The latest attack in London comes only days ahead of one of Britain’s most crucial general elections in decades. DW asked political scientist Anthony Glees what bearing it might have.
DW: Major political parties have, at least temporarily, suspended the election campaign. Is it possible to assess the political consequences of the attack’s coming so shortly before the parliamentary elections?
Anthony Glees: I think it is possible to asses the consequences. For one thing we’ve got a Labour Party led by somebody who believes that you can talk to terrorists and bring them to the conference table. The Islamists are clearly not people who want to talk to anybody at a conference table. They want to explode the conference table.
We’ve also got a Conservative prime minister who, when she was in the Home Office, abolished one of the few measures that could have protected people in Britain from this kind of terrorism: namely, control orders.
I think it’s inevitable that, in the next few days of the election campaign, people will look to the security record of Jeremy Corbyn, who’s also said he’s opposed to a shoot-to-kill policy. I don’t think you’d find anyone in London this morning that was not grateful that police shot these people to kill them within eight minutes of being called out. Jeremy Corbyn has also made a big deal out of his relationship with the IRA and with other groups, like Fatah and Hamas, that many people consider to be terrorists
However, there will also be questions about Theresa May’s judgment because her past has also been, by no means, uncheckered.
As home secretary, May was responsible for budget cuts to the police. On the other hand, citizens often trust the Conservatives more than the left. What will sway them more come election day?
It’s a very good question because the positions have actually been outlined. And, in the aftermath of the Manchester bombing almost a fortnight ago, people did know very clearly what the two sides of the arguments were. Jeremy Corbyn, who looking at the issue globally, said that what’s significant is that Britain should not intervene in foreign wars – that we should talk peace to the world rather than intervening, and that there is a kind of link, an unspecified link, between Islamist terrorism and the sort of foreign policy that Britain has had in the past.
Then, there’s Theresa May, who’s been saying we need more of the same but nothing too dramatic.
These are arguments that we’ve already been thinking about against the background of the terrorist attack in Manchester, and what’s happened is that Jeremy Corbyn has been doing well. Jeremy Corbyn and the Labour Party are increasing their popular support. Theresa May is losing popular support.
My feeling is that, at the end of the day on Thursday, it will rebound in favor of Theresa May, and that is because – even if she has made mistakes and even if the Conservatives have made mistakes – the ideology of the Conservative Party on security has been clear and strong and firm, whereas the ideology of Labour under Corbyn has been decidedly pacifist and weak. I don’t think that will play well on Thursday, when people are actually at the ballot box.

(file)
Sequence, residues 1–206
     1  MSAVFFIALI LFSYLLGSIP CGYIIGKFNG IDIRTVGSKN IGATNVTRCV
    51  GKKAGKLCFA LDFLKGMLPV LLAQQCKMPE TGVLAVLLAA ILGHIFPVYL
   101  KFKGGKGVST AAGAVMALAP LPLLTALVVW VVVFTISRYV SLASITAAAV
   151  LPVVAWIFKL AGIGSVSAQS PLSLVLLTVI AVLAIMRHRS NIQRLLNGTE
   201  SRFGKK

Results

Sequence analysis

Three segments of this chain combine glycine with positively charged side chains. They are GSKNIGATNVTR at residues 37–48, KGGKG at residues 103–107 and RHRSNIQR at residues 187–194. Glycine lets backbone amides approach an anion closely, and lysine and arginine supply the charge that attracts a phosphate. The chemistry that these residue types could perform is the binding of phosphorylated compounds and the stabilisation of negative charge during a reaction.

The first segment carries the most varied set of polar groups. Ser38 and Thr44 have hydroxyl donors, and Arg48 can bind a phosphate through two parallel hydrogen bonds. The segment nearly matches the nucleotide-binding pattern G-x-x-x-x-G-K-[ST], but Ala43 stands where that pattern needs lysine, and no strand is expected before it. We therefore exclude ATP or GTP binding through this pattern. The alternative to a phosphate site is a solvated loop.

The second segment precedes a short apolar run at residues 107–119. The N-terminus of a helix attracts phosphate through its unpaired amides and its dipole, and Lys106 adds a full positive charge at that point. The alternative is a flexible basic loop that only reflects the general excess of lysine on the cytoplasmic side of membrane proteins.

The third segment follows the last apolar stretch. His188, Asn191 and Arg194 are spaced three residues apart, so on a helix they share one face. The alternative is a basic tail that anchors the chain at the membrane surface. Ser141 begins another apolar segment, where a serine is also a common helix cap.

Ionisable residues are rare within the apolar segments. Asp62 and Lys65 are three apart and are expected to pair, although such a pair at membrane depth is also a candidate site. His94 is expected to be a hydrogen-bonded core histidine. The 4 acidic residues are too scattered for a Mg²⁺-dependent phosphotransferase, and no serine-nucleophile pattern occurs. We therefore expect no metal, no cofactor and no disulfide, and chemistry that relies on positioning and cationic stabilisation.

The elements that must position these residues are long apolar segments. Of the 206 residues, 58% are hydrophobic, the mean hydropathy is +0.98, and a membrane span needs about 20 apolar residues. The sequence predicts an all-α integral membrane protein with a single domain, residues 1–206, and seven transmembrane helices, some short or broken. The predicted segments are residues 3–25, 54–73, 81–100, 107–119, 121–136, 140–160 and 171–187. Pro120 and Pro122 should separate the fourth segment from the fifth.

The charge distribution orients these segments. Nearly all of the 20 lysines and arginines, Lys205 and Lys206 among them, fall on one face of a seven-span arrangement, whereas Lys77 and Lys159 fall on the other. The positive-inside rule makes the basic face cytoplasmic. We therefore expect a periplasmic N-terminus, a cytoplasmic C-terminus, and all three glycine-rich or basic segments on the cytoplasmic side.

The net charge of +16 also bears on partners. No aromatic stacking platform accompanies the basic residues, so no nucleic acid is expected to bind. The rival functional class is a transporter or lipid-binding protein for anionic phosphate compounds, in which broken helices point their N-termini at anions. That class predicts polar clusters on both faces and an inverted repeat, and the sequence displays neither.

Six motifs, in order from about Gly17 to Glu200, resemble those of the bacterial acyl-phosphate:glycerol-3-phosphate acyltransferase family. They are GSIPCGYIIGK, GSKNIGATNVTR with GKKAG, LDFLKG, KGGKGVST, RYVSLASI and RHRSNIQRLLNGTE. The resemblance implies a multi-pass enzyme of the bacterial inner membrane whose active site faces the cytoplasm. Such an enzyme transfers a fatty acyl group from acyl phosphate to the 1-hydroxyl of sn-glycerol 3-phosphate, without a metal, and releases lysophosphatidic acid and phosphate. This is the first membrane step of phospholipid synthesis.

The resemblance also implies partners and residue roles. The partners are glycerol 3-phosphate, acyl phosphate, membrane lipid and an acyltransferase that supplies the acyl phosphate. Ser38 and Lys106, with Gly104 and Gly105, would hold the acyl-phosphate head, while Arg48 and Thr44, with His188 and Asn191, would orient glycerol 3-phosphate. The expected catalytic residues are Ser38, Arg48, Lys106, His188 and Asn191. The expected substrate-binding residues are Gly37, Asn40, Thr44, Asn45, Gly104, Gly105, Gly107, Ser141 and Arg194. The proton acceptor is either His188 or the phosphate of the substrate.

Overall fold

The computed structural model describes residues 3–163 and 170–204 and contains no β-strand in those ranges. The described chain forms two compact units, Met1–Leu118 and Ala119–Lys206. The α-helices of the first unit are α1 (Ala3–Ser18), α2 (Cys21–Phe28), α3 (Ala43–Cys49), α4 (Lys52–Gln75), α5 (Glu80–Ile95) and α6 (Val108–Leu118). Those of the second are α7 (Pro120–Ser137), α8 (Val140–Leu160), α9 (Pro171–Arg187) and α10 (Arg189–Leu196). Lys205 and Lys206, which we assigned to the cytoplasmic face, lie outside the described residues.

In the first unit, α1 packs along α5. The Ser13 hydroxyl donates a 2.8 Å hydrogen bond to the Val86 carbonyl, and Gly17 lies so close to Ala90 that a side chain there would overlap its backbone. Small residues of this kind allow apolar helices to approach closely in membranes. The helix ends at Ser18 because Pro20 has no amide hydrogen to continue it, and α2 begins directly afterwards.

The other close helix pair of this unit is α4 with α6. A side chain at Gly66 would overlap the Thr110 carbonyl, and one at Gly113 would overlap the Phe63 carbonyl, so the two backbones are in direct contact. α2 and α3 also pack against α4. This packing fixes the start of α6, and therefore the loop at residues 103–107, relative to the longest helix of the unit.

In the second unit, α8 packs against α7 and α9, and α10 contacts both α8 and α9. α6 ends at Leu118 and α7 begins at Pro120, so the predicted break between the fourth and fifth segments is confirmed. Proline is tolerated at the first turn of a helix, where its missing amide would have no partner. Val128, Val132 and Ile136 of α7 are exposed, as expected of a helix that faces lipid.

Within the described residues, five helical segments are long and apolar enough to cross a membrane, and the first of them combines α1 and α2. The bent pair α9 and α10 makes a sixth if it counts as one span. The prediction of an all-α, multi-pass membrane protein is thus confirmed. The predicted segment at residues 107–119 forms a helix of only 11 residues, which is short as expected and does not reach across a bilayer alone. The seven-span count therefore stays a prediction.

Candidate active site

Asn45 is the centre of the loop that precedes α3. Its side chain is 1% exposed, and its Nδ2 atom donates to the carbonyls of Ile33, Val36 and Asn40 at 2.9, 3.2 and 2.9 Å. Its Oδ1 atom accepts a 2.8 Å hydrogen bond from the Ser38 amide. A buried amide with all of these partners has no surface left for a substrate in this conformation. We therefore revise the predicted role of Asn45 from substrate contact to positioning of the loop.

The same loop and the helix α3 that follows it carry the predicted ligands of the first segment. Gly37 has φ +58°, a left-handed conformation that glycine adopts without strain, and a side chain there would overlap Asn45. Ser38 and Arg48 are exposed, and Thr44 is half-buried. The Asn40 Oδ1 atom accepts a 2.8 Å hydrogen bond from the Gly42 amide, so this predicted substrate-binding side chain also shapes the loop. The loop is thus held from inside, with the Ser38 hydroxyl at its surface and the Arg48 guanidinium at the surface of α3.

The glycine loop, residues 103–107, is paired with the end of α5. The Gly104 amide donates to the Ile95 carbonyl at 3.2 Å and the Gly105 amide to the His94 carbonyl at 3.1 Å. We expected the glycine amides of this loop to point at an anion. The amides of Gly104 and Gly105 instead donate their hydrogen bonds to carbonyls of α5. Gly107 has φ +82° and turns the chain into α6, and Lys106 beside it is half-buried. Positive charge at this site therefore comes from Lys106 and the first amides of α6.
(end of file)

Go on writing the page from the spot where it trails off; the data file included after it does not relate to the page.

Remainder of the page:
After every attack, we see police being deployed and foreign leaders expressing their solidarity. However, nothing seems to be changing. Are politicians powerless on this issue?
I don’t think they’re powerless. I think there are things that they can do that they’ve been reluctant to do, but Theresa May just a few minutes ago (on Sunday morning) spoke about the need to tighten up substantially things like powers of arrest, the powers of detention and the powers of exclusion from the United Kingdom. The doubling of the number of people in MI5, Britain’s security service, is also very important. They tell us that there are 23,000 people in the United Kingdom who want to do us harm. We can’t fight these people – let alone defeat them – with the same number of people in our security service as we had when we were talking about hundreds, or a few thousand.
We still have no information about the organizers of the attack, but there is an assumption that we are dealing with terrorism by Islamists. The UK seems to be targeted relatively often. Is there a specific reason for this?
I think the reason is that we have been weakened as a country by a number of things: by successive elections, the Scottish referendum, the general election, the Brexit referendum and now this general election.
We’re a very divided, very uncertain country, and we look vulnerable. Islamists are like the big beasts in the jungle: They go for those they perceive as being weak, and that is the position that Britain is in right now. Without doubt, the Brexit issue has weakened Britain because nobody knows what Brexit means or how it will play out. Nobody knows – not even those who supported it have come up with any clear idea.
There are historical reasons, as well, such as the invasion of Iraq – not that that was an attack on Islamism, of course: It was an attack on Saddam Hussein and his purported weapons of mass destruction.
So far, people in Britain have shown restraint in their response. Are you seeing any risk of that changing in the future?
I think the British people will demand the gloves come off now. I think there will be more control orders, there’ll be more exclusion, there’ll be more MI5 officers, there may be other measures, as well. I think the British people will not want to carry on as before.